If you thought you couldn’t possibly use your BlackBerry any more than you already do, you were wrong.
Thanks to Waterloo, Ont.-based Bayalink Solutions Corp., that trusty device in your hip holster has become an even more useful productivity tool when travelling. It turns your BlackBerry into a portable version of Microsoft Outlook and connect-anywhere 3G modem.
The company’s Liberty product is a Bluetooth-enabled USB flash drive that comes pre-loaded with software that interfaces with your BlackBerry. After installing a small client on your device and making a new Bluetooth pairing, you’ll be set to use your device with a large display or keyboard. Plug Liberty into any PC – laptop or desktop – and go.
Company co-founder Trevor Dietrick came by our video studio to give us a demo of Liberty. He also left us with a couple of review units.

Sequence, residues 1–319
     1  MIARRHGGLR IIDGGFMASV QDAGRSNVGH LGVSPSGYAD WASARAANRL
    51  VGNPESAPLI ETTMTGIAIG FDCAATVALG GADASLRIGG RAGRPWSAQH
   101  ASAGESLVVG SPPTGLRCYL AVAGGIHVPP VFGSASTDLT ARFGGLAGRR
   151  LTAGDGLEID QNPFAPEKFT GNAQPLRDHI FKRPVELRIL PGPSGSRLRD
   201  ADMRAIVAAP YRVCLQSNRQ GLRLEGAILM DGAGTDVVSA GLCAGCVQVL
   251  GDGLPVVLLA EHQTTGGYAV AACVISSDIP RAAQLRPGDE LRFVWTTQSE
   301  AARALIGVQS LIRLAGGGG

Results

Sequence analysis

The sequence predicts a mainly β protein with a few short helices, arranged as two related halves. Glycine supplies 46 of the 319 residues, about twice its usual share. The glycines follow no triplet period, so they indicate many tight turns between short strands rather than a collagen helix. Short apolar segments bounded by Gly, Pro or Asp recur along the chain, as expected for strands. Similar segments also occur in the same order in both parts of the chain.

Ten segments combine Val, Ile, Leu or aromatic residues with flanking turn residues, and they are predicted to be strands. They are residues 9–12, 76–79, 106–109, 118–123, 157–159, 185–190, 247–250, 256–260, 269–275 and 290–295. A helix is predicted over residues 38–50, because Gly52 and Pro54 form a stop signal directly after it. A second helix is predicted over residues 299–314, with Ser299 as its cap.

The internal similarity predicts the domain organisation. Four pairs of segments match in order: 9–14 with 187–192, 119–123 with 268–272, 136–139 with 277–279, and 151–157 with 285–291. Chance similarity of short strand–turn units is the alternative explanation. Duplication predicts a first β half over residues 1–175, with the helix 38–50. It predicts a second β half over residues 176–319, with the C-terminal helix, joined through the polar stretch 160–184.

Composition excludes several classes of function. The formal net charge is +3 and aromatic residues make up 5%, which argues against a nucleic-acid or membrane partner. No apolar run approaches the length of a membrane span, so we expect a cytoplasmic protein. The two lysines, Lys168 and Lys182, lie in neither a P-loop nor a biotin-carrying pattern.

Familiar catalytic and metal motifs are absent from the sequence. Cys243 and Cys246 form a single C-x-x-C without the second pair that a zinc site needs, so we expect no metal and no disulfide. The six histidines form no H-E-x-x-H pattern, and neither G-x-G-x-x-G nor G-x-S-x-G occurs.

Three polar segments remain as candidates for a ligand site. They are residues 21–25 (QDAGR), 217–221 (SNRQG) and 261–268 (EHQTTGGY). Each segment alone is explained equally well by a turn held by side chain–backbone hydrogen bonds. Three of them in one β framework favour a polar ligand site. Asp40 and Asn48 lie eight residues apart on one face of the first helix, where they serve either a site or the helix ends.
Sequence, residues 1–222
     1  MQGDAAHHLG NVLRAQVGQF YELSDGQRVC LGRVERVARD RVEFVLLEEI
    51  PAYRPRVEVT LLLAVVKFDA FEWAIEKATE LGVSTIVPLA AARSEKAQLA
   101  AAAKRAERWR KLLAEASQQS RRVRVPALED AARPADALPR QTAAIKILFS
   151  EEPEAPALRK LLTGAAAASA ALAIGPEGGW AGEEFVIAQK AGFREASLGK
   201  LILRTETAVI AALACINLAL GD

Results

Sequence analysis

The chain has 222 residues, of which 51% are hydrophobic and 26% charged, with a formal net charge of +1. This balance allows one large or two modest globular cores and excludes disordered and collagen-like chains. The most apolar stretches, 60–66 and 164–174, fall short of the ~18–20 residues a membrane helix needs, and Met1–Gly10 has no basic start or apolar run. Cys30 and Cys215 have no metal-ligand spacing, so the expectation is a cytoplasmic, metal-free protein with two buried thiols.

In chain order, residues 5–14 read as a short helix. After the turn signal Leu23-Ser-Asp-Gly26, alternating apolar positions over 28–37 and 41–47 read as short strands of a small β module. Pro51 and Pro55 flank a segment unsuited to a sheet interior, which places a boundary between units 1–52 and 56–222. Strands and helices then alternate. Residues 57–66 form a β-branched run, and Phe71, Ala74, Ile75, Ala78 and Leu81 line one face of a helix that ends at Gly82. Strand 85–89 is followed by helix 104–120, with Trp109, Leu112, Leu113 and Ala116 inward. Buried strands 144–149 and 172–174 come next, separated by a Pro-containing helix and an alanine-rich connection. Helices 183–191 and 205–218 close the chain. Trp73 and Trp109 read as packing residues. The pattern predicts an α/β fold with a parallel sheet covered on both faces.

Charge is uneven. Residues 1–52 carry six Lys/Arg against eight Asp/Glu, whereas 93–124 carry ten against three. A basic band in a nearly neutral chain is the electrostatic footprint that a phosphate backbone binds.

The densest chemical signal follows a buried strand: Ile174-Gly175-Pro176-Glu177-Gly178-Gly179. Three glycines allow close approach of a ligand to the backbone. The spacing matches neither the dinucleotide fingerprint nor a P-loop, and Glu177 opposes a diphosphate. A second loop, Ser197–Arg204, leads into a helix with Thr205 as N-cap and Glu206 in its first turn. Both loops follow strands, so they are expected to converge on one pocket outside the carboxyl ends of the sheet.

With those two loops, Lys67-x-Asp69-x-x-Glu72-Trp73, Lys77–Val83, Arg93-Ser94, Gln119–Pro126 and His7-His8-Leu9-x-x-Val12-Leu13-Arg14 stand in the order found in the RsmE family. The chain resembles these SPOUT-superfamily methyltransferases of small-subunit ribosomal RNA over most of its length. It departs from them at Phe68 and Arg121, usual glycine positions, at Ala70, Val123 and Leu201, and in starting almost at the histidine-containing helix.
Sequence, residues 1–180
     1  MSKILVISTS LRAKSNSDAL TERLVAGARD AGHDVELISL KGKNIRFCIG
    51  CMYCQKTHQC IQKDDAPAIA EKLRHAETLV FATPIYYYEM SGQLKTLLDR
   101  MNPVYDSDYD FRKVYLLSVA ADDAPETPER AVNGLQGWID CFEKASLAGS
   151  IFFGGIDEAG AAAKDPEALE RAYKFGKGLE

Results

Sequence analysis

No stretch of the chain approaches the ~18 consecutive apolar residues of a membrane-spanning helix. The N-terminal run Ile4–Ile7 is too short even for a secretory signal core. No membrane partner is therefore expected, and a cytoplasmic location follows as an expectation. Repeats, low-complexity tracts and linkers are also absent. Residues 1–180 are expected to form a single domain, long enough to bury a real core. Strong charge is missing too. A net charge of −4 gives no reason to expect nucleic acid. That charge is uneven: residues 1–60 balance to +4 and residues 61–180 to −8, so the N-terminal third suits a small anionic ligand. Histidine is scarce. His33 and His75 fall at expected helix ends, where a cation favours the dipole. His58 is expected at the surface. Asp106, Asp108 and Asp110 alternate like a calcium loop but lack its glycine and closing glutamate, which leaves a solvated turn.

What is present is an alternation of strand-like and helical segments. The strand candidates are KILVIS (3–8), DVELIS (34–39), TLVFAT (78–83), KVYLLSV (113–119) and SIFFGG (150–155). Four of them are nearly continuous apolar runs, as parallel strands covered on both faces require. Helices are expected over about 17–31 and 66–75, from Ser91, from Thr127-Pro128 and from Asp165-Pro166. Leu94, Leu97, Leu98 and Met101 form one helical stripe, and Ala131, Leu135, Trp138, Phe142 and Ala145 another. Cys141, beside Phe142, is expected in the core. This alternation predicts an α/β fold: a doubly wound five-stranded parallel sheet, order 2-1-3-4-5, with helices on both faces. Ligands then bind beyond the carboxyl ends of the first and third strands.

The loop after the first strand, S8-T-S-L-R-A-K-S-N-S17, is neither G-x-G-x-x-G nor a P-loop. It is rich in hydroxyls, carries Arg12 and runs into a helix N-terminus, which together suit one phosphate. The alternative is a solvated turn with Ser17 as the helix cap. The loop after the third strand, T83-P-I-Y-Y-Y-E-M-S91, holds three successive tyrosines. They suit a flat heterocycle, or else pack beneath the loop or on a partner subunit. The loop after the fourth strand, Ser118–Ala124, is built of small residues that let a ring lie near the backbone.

Bayalink is part of the BlackBerry Alliance and works with Research In Motion on a daily basis, Dietrick says. The company boast Nick Tidd of 3Com and D-Link fame as a consultant and believes smartphones will become a more important computing platform and that there should be better ways to access them.
“There’s just inherent limiters on the form factor of your smartphone,” Dietrick explains.
I tested Liberty using my BlackBerry Curve 8330 and various desktops and laptop computers.
All you’ll need to get set up with the Liberty key is a computer with a free USB port and an Internet connection. After about 10 minutes of configuration, you’ll be ready to use your BlackBerry with the key on any computer at any time. Liberty’s “Getting Started” five-step process and online system make it easy to install.